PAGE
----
The characteristic polynomial of a square matrix is a polynomial that is invariant under matrix similarity and has the eigenvalues as roots.

Let $A$ be a square $n\times n$ matrix. Its characteristic polynomial $p(\lambda)$ is $\det(\lambda I - A)$. Some authors prefer to define it as $\det(A-\lambda I)$ instead; by multiplicity of the determinant, these definitions agree for $n$ even and agree up to a sign for $n$ odd.

The characteristic polynomial contains a lot of information about $A$. Some properties include:

- Its constant term is equal to $\det(A)$. In particular, if $p(0)\neq 0$, $A$ is invertible.
- The coefficient of $\lambda^{n-1}$ is the trace of $A$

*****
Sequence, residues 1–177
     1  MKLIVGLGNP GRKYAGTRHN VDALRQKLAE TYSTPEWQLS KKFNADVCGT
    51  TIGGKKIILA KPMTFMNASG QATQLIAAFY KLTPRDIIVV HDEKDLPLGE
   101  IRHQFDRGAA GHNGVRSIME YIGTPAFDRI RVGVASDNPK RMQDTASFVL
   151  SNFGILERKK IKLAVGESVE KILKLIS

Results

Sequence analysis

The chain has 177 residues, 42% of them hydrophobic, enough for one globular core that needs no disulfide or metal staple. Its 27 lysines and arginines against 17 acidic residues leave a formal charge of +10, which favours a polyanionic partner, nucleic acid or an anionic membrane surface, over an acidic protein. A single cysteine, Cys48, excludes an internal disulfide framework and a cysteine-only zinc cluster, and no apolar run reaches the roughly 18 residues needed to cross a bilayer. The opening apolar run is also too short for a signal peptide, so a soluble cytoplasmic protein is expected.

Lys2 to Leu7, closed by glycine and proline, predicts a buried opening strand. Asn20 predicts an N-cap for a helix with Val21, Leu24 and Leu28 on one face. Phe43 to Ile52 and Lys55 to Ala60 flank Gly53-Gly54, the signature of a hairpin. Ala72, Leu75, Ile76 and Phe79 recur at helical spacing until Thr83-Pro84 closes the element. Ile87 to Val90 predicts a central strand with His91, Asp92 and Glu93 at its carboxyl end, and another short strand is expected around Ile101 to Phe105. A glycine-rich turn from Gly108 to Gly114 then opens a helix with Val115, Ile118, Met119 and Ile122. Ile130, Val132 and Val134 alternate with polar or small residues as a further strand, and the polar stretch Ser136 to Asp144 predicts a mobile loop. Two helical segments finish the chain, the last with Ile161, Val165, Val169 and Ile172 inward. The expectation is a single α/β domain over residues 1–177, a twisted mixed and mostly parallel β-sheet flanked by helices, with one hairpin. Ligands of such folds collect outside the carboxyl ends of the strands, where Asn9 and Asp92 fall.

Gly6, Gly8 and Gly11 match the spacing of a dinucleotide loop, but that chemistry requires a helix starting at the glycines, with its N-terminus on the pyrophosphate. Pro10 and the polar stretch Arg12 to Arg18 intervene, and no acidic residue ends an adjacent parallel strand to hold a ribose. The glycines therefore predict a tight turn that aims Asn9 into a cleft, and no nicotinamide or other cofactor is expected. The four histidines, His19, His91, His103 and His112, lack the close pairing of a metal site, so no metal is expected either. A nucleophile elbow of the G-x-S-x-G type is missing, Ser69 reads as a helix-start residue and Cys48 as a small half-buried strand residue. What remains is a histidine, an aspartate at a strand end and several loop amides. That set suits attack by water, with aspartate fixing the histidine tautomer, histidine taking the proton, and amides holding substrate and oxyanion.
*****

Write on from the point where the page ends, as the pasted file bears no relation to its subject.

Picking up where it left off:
- If $p$ has $n$ distinct roots, $A$ is diagonalizable (this condition is sufficient but not necessary)

A powerful result known as the Cayley-Hamilton theorem states that every matrix satisfies its characteristic polynomial; that is, $p(A)=0$. This is deeper than it appears at first: note that this does **not** follow by putting $\lambda=A$, as that is an abuse of notation.

A related concept is the minimial polynomial of $A$. Put simply, the characteristic polynomial allows for repeated roots and the minimal polynomial does not.